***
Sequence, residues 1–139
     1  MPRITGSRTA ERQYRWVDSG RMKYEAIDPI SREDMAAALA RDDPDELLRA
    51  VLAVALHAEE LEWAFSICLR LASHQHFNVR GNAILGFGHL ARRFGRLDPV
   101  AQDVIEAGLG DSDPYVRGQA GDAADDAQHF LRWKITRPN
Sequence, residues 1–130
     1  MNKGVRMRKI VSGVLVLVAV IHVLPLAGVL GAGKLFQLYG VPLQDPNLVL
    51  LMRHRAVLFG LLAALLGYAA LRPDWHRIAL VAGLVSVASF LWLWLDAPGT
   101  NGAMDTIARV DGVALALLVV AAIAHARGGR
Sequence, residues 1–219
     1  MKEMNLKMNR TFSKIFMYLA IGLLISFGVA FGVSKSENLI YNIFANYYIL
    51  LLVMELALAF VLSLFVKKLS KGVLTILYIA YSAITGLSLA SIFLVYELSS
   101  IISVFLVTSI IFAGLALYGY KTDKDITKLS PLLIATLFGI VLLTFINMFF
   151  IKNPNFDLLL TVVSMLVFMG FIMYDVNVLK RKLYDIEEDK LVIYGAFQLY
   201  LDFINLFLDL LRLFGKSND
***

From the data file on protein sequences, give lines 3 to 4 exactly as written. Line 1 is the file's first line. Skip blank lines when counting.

    51  VLAVALHAEE LEWAFSICLR LASHQHFNVR GNAILGFGHL ARRFGRLDPV
   101  AQDVIEAGLG DSDPYVRGQA GDAADDAQHF LRWKITRPN